The Northern States had long been aware of the Southern States’ plans and the aforementioned John Ericsson had, in competition with several constructors, been commissioned to construct a vessel that could compete with such a flying fortress in defensive operations. He then designed the vessel which was called the Monitor, and which gave its name to this type of vessel. The monitor was smaller than the converted frigates. It had almost the entire hull under water. The freeboard (?) was very low, with a thick log cushion, and on top of this solid armour. The deck was also of course armored and there was only one gun turret on the deck, which in return was heavily armored and rotatable, and which provided space for 2 large 28cm guns. Monitor only stuck 9 feet, as opposed to Merrimac’s 23 feet, and consequently had higher speed and somewhat better maneuverability.

As chance would have it, just as the day after March 9, 1862, the Merrimac was about to return to Hampton Roads and complete its destruction, the Monitor arrived on the scene of war and was able to take the battle for the Merrimac. It was a long battle in which neither vessel could sink the other. The Merrimac had a higher rate of fire, and as the Monitor achieved its objective by stopping the Merrimac, it was considered by many to be the victorious party

The Norwegian Monitor’s
Norway had 4 Monitors, Scorpionen, Mjølner; Thor and Trudvang. these are simlar in armament but their history is a little bit different, and some specifications. but this is mainly about the first, Scropionen.

In all navies it was understood that the battle at Hampton Roads was epoch-making. It was understood that the armor meant that the time for wooden ships was over. The problem was that Europe had 2,500 wooden ships and that the transition to iron and armor would take some time. The monitors were primarily archipelago vessels, and it was therefore primarily with the small coastal navies that this concept won out. For the major naval powers that operated on the world’s oceans, the monitors were less suitable, and although they also switched to armour, they built larger vessels such as the Dreadnought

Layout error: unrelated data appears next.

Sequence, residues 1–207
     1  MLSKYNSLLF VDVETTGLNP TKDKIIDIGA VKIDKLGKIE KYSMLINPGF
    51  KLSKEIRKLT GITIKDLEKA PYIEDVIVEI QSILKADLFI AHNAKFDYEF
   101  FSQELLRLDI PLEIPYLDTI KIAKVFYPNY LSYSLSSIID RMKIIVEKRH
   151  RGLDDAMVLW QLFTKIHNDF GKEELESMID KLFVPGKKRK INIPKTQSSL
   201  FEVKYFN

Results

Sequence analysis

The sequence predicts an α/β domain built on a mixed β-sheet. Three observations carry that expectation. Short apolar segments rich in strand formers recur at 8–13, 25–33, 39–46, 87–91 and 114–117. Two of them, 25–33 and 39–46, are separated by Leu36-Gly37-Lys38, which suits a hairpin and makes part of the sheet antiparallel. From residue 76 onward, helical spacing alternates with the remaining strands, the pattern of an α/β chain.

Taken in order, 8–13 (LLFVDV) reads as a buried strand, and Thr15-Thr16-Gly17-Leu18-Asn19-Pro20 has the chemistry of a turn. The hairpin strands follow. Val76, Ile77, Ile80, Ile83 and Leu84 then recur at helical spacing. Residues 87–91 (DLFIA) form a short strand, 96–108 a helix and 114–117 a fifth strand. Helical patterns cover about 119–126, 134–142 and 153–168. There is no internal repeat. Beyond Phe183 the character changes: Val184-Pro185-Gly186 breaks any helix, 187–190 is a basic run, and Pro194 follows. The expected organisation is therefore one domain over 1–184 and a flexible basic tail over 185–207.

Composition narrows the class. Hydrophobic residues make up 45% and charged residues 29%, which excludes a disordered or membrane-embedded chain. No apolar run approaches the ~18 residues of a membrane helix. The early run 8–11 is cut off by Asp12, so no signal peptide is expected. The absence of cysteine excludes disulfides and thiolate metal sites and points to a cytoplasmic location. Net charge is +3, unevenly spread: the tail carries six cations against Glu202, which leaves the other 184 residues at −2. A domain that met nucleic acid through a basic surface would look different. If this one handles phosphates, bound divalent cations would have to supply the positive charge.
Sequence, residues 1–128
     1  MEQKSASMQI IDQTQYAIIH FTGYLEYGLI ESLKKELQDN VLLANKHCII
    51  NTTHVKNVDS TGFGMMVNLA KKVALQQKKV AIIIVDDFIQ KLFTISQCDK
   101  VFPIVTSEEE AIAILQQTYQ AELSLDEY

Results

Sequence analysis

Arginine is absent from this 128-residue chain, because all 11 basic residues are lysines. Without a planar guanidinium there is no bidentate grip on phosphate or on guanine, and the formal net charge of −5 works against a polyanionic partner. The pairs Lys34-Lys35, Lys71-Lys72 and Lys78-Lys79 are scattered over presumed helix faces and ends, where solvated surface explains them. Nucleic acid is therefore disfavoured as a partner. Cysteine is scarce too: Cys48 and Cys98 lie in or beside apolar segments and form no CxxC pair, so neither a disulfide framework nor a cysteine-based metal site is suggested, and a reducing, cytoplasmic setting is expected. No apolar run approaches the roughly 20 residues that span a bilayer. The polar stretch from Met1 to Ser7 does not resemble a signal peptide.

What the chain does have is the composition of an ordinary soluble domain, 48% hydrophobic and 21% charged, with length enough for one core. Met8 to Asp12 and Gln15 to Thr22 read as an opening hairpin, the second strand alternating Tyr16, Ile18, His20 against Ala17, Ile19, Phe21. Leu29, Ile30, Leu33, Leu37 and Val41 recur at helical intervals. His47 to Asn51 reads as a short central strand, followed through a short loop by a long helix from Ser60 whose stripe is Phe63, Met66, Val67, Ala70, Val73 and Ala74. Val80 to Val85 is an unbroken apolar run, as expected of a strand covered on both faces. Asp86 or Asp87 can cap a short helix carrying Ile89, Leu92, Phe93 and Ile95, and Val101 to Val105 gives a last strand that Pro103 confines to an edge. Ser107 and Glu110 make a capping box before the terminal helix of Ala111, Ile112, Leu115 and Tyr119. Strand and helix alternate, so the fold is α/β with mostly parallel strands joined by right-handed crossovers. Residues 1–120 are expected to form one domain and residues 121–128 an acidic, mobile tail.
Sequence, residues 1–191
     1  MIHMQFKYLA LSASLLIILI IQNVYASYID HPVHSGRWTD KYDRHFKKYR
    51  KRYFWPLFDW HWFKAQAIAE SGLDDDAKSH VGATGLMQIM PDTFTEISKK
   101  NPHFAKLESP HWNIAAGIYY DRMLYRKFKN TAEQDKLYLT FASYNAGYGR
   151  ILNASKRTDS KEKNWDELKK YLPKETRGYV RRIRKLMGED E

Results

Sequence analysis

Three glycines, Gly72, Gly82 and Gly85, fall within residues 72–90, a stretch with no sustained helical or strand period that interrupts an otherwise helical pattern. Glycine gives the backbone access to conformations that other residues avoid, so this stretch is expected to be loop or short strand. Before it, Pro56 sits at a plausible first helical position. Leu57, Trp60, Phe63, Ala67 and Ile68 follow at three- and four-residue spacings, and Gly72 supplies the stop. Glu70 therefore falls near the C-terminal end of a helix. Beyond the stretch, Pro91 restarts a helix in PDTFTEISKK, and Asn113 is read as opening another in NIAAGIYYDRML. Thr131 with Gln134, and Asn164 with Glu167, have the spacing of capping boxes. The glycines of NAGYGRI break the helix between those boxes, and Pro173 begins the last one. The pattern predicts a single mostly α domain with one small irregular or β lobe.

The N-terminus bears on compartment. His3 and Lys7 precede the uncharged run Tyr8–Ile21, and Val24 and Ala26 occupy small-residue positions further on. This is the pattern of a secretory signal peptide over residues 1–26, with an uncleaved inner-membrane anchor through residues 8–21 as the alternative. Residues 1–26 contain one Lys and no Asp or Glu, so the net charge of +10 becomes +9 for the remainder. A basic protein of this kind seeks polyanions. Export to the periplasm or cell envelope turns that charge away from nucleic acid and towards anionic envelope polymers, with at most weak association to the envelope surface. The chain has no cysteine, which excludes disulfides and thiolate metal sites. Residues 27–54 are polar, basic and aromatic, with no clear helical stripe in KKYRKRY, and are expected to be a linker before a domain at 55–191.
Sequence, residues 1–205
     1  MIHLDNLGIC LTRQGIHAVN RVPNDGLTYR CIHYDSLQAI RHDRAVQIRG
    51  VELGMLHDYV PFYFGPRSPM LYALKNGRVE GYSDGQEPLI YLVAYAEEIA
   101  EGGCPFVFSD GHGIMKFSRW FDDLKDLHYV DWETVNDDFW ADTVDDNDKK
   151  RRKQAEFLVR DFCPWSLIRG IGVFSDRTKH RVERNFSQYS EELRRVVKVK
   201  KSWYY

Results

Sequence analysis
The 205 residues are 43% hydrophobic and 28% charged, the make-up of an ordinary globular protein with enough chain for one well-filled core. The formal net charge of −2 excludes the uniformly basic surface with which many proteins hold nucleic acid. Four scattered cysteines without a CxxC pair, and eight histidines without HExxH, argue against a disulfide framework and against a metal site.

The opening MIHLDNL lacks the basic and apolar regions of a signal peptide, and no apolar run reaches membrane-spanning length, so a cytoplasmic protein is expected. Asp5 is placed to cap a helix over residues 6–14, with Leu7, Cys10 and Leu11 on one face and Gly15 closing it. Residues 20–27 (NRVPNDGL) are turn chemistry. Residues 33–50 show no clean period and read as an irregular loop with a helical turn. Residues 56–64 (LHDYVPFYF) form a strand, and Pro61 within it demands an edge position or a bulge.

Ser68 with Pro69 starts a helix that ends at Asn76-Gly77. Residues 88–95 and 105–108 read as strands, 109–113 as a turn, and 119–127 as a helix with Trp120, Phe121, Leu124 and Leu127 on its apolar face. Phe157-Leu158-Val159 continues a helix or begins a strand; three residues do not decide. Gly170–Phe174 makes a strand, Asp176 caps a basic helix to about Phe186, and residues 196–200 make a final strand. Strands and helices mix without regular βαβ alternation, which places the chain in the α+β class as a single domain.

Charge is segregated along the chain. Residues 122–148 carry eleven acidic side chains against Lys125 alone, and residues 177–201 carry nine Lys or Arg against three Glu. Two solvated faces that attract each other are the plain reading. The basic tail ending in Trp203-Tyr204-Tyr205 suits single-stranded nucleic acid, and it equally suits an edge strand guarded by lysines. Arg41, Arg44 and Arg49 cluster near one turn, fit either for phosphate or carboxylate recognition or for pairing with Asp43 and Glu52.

In Norway, in the wake of the Crimean War, there had been a somewhat greater willingness to allocate money to the navy’s vessels. It was against this background that in 1859 it had been decided to build the steam frigate Kong Sverre, the steam corvette Nordstjernen and four steam gunboats, that there should also be room to start the construction of four new tower vessels, which the monitors were also called, says something about their supposed importance. The right-wing in politics probably also saw the monitors as a contribution to the common union defense to which they believed themselves committed, but at the same time they could be considered as nationally justified. When the last of the 4 monitors was delivered in 1872, the good times for the navy’s shipbuilding were over for a good while

The monitors according to Ericcson’s drawings were all built at the shipyard in Horten, with the exception of one vessel “Mjølner” which was built at the Motala shipyard in Sweden, probably for reasons of capacity. It was built on an iron frame, with which the yard had now gained some experience from the steam gunboats, and they were fitted with wrought iron hulls. The new Armstrong 26.7cm rifled cannons were originally chosen as main gunners. Two such were placed next to each other inside the armored tower. They stood on rails so that they could be cranked in for charging inside the tower. With a weight of nearly 20 tons per piece, it was heavy stuff. only the grenades weighed approx. 160 kg and was lifted up with a winch. the tower itself was also rotatable by hand. In addition, they had a small 76mm cannon as a “boat gunner” (?) on the accompanying steam sloop.